Wednesday, March 27, 2013

Prayers in Gov't Meetings OK, Says San Fran. Court

The 9th U.S. Circuit Court of Appeals in San Francisco ruled yesterday that the policy in Lancaster, Calif. of allowing local clergy to pray at city council meetings is NOT a violation of the so-called "separation of church and state," even though the vast majority of the prayers are by Christian pastors who pray in the name of Jesus Christ.  The plaintiffs' attorney said "This case is definitely not over."

For background on this case, read
U.S. District Judge OKs Prayer in Lancaster (the lower court ruling in July 2011) and also read Jesus' Name Unconstitutional in Public, Says Federal Court

For background on public prayer, read Prayer Returns to Mississippi Schools: New Law and also read Missouri Votes to Bring Prayer Back to School, Countering Atheists as well as Prayer in America: Hidden Faith, or Public?

UPDATE 5/13/14: U.S. Supreme Court rules prayers to Jesus Christ OK at government meetings

-- From "CA City Council Prayers Didn't Endorse Jesus" by Tim Hull, Courthouse News Service 3/26/13

In 2010, the city's former mayor, Bishop Henry Hearns, delivered an invocation that included the phrase "Bring our minds to know you and in the precious, holy and righteous and matchless name of Jesus I pray this prayer."

A three-judge panel noted that, of the 26 prayers given between the day that Lancaster passed its prayer policy and the day that Hearns gave the offending invocation, a full 20 of them were delivered by Christian preachers, all of whom used Jesus' name. That does not necessarily mean, however, that the "city itself has taken steps to affiliate itself with Christianity," according to the ruling.

"The city has instead taken every feasible precaution - short of the extra step (itself fraught with constitutional peril) of requiring volunteers to refrain altogether from referencing sectarian figures - to ensure its own evenhandedness," Judge Diarmuid O'Scannlain wrote for the panel (parentheses in original).

The U.S. Supreme Court has consistently held that "when a neutral government policy or program merely allows or enables private religious acts, those acts do not necessarily bear the state's imprimatur," he added.

To read the entire article above, CLICK HERE.

From "9th Circuit Upholds Lancaster (CA) Prayer Policy Despite Sectarian Invocations" by Don Byrd, BJC News 3/26/13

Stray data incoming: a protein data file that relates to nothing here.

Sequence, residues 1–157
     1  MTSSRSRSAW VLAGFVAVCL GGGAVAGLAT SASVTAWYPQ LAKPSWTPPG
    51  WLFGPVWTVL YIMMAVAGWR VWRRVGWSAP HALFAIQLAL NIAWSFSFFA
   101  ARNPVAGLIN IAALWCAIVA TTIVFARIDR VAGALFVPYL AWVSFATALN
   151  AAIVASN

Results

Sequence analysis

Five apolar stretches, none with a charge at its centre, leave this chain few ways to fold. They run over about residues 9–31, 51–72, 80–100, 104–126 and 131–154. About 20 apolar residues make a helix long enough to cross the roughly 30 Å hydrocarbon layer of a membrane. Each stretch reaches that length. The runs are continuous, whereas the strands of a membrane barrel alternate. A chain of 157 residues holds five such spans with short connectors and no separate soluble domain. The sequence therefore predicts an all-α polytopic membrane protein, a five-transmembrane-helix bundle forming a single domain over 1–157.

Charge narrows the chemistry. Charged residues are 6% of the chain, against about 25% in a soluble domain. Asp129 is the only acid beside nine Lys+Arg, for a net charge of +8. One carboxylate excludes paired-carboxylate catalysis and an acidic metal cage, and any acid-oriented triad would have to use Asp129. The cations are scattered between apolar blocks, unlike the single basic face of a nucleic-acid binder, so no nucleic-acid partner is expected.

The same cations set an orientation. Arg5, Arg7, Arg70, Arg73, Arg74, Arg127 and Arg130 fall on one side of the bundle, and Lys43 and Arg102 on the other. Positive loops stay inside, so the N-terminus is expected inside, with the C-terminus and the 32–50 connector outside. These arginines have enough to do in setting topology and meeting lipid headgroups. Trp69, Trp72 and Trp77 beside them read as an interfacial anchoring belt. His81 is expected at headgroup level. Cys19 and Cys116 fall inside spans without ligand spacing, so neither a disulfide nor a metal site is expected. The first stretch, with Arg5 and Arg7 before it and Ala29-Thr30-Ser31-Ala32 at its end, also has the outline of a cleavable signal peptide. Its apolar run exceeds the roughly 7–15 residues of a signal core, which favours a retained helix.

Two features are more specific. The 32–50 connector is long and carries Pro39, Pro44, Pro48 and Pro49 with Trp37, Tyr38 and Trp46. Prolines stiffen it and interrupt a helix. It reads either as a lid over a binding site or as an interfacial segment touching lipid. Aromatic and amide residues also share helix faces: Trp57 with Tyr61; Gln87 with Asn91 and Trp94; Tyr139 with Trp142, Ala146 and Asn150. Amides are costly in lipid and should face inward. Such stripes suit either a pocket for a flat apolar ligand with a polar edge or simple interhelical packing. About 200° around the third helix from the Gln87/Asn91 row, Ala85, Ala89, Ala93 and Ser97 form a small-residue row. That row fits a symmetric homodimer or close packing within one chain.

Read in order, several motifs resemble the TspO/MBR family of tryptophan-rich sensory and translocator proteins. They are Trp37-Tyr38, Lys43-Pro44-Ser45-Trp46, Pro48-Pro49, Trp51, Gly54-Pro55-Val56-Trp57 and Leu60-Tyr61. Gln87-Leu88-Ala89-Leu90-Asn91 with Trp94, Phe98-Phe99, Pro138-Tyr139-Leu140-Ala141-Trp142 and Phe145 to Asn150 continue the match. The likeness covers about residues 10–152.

The 9th Circuit Court of Appeals today upheld the constitutionality of Lancaster, California's City Council prayer policy against charges that it violates the separation of church and state. In so doing, the 9th Circuit seems to have taken a different approach than the 4th Circuit, which recently held unconstitutional a policy that resulted in consistently sectarian Christian prayer to open meetings of North Carolina's Forsyth County Commissioners, citing the Supreme Court's decisions in Marsh and Allegheny.

Here, the court emphasized that because Lancaster's policy takes great pains to avoid favoritism in determining who will give the prayer, the fact that the policy does not require nonsectarian invocations is unconcerning.
[S]o long as legislative prayer—whether sectarian or not—does not proselytize, advance, or disparage one religion (Marsh’s language) or affiliate government with a particular faith (Allegheny’s reiteration), it withstands scrutiny. Marsh. . . .  For these reasons, we join several of our sister circuits in concluding that neither Marsh nor Allegheny categorically forbids sectarian references in legislative prayer.
Indeed, if “what matters under Marsh is whether the prayer to be offered fits within the genre of legislative invocational prayer that has become part of the fabric of our society,” then surely, as a general matter, sectarian and nonsectarian legislative prayer stand on equal footing.
. . . Despite the differences in factual context, these 2 approaches between the 4th and 9th Circuits seem at odds. Will this impact how future courts determine legislative prayer disputes? Or whether the Supreme Court decides to further clarify the law in this area?

To read the entire article above, CLICK HERE.

From "Court: Calif. city officials can pray at meetings" by The Associated Press 3/26/13

The lawsuit was filed by Shelley Rubin and Maureen Feller.

Rubin is the widow of late Jewish Defense League head Irv Rubin. Feller is a Lancaster resident who claimed the invocations violated the constitutional separation of church and state.

To read the entire article above, CLICK HERE.